Nicer still, that the kids go to bed at nine. 

The couch is as safe a place as any--safer than Dani’s room, where they both know they’d never leave should the door shut behind them, and safer than the kitchen, where Owen and Hannah are still making pleasant conversation. Good for them, Jamie thinks. Maybe it’s time they get their act together, too.

Not that it’s her business. Her business extends exactly as far as this couch, upon which she has lain with her back against the cushions. 

Dani, stretched alongside her, hand braced against Jamie’s cheek, is kissing her like she’s more than mildly wishing they hadn’t both decided the bedroom was a bad idea. 

“Remind me,” Jamie says, almost conversationally, even as she’s pulling Dani’s braid around one loose fist, “why we’re doing this to ourselves.”

“Because we are mature, responsible adults,” Dani says, leaning back just enough to gaze into her eyes. Does a lot of gazing, Dani, with those impossibly blue eyes of hers. It never fails to make Jamie dizzy. 

“And mature, responsible adults have a dislike of beds...?”

Dani laughs, and the laugh turns into a kiss, and the kiss turns into Jamie forgetting the conversation entirely. This is infinitely more interesting: Dani’s legs tangled with her own, Dani’s chest pressing into hers with every drawn breath, Dani kissing her like kissing has replaced all need for oxygen. 

Making out on a couch like a couple of kids, Jamie thinks, knowing full-well she’d never been this giddy as a teenager. Had never felt this safe with a woman in her arms, particularly one who rubs against her with this distinct lack of self-consciousness. Dani is rapidly finding ways to make her forget there’s anyone else in this house, anything to keep track of apart from the lit fireplace, the tug of Dani’s hands at the collar of her shirt, the heat of Dani’s kiss on her lips. She allows Dani to deepen with tongue and sigh, allows Dani to press so firmly against her, her body threatens to push Jamie’s into the couch for the rest of time. 

Wouldn’t be so bad, thinks Jamie, hand sliding around Dani’s waist. She can hear herself making a series of raw, reckless sounds as Dani’s tongue flicks lightly against her own, curls, urges her to explore Dani’s opening mouth. There’s no one else in the world, she thinks, with Dani’s hand cupping through her shirt. No one else in the world, with Dani’s hips starting to roll against her own. No one else in the--

A noise. Dani pulls away, rolls to look over her shoulder at the doorway, just in time for a small figure to pad into the room. 

What is this timing, Jamie thinks, too flustered to really be upset. Flora’s face is miserable, the clear expression of a child who has just woken from a nightmare.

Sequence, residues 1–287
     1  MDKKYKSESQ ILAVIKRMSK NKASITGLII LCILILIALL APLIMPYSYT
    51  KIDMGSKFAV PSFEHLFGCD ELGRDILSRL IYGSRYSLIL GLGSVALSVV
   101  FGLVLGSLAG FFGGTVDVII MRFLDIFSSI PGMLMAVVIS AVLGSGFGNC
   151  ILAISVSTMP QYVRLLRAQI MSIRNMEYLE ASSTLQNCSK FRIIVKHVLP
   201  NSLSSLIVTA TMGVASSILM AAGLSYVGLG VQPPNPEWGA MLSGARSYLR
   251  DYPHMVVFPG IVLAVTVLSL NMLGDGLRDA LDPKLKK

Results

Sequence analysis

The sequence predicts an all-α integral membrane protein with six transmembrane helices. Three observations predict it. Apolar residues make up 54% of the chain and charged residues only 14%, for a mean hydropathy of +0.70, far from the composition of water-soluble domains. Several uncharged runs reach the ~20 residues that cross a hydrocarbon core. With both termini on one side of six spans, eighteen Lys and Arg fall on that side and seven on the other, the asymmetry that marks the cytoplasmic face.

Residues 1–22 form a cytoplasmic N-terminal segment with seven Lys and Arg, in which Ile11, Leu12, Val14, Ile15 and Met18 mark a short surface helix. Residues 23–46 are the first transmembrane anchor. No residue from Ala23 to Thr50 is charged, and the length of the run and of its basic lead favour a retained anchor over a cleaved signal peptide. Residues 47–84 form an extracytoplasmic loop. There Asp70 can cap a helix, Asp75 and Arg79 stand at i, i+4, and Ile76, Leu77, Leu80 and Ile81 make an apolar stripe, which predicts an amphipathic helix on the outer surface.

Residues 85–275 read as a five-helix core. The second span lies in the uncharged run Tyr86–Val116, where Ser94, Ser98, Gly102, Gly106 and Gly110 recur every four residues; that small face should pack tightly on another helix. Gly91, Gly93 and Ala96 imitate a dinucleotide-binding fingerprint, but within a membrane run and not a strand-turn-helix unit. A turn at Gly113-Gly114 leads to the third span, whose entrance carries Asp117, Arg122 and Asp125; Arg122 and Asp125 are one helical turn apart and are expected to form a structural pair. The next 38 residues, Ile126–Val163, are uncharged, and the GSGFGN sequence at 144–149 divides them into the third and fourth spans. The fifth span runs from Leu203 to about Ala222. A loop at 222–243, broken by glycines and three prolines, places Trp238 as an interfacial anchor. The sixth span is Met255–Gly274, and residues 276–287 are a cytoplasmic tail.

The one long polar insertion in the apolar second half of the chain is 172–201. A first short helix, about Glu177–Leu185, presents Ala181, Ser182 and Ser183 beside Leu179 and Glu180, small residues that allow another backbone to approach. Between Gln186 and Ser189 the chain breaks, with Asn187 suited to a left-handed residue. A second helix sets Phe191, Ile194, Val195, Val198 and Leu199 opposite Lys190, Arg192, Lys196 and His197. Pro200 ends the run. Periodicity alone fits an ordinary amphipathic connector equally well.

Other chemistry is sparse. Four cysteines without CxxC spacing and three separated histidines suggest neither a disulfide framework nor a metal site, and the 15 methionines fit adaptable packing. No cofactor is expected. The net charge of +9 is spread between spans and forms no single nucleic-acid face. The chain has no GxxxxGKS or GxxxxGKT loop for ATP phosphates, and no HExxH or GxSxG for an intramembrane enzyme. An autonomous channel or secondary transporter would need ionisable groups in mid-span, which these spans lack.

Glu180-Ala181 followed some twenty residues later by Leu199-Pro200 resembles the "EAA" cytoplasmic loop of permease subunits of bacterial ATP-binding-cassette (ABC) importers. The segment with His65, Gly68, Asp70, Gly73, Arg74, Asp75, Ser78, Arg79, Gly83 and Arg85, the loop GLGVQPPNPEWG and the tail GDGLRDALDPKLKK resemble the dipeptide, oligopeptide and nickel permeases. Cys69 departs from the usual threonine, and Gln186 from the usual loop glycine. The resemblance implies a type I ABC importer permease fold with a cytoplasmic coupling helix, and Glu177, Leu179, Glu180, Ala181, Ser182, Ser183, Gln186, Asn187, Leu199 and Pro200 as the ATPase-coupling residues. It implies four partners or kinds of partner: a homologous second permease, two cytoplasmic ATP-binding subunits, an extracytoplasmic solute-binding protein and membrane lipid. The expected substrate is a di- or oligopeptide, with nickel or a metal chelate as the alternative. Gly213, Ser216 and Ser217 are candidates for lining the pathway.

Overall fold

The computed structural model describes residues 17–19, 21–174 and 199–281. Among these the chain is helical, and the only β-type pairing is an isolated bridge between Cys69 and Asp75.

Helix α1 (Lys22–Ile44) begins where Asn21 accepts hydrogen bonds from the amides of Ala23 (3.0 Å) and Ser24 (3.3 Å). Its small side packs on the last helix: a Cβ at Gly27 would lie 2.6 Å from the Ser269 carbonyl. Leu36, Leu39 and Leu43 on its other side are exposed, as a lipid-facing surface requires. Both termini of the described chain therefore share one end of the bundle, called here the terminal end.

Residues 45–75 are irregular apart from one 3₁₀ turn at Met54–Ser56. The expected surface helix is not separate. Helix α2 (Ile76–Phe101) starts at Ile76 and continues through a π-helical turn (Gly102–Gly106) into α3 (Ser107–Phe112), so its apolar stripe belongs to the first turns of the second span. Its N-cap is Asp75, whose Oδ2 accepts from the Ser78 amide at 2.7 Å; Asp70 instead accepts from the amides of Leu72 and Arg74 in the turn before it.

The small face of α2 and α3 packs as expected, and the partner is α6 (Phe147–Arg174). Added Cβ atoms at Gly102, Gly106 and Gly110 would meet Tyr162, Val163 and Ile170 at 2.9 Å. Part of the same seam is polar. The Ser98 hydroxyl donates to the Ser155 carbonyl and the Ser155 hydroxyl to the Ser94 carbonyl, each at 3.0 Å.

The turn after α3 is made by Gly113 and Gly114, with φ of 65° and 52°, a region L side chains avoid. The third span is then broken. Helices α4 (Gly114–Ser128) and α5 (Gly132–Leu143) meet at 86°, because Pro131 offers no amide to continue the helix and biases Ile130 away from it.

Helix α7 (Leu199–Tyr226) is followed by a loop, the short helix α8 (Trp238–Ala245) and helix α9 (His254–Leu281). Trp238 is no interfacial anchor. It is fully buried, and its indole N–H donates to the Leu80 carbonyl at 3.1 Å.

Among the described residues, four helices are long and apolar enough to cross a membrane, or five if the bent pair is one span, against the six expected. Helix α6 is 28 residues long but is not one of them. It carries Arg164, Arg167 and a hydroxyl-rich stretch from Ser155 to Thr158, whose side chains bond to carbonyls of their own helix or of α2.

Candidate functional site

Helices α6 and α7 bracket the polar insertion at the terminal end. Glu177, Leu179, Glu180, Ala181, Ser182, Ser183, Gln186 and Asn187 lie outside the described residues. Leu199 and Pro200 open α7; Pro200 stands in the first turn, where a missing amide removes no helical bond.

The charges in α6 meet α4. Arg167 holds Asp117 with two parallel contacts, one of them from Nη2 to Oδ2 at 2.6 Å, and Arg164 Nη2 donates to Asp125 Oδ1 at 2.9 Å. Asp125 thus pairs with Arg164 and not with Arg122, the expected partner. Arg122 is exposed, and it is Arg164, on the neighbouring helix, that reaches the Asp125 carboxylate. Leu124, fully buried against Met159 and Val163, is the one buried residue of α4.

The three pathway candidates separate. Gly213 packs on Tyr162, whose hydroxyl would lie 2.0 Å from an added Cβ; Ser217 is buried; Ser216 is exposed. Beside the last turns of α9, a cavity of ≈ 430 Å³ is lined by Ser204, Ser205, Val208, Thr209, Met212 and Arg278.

“Bad dream?” Dani asks, like Jamie doesn’t still have her hip in a rather telling death grip. She’s already shifting gears, already setting down her ready to grind like teenagers on this couch persona in favor of her no problem is too small for the au pair one. Jamie releases, watches her roll off the couch and move to Flora like they hadn’t been moments away from closed-doors behaviors.

She’s good at it, she thinks with no small amount of approval as she sits up. More than. Dani is great with these kids, even when it’s least convenient. Even when she’d rather be doing something else, anything else, these kids always come first. It’s just as it should be.

“I’m sorry,” Dani murmurs twenty minutes later, leaning against the front door to kiss Jamie goodnight. “I think I’m going to stay up with her a bit, let her talk it out.”

Jamie shakes her head, smiling as though her skin isn’t red-hot with the urge to push Dani against this door and pick right back up where they’d left off. “Kids,” she says. “They come first.”

Dani looks relieved. It is, Jamie realizes, maybe the first time she’s ever been told as much by someone who had spent the evening kissing her. 

“Honestly,” she says, dipping to brush a final soft kiss against Dani’s lips. “You’re doing great. See you in the morning.”

She wonders the whole ride home if, even with her mind on Flora’s nightmares, Dani will miss her taking up space in that bed tonight. 

3

The room at night is not safe territory. The room at night is too great a seduction, too yawning a temptation. If they step inside while the moon is high and the shadows long, they will absolutely not make it back out again until morning. 

Afternoon, however. 

“Won’t they miss you?” She’s not sure why she’s arguing. Not sure what fool in their right mind would complain, with Dani dragging them up the stairs by the front of their t-shirt. 

“They’re on post-lunch clean-up. We’ve got fifteen minutes.”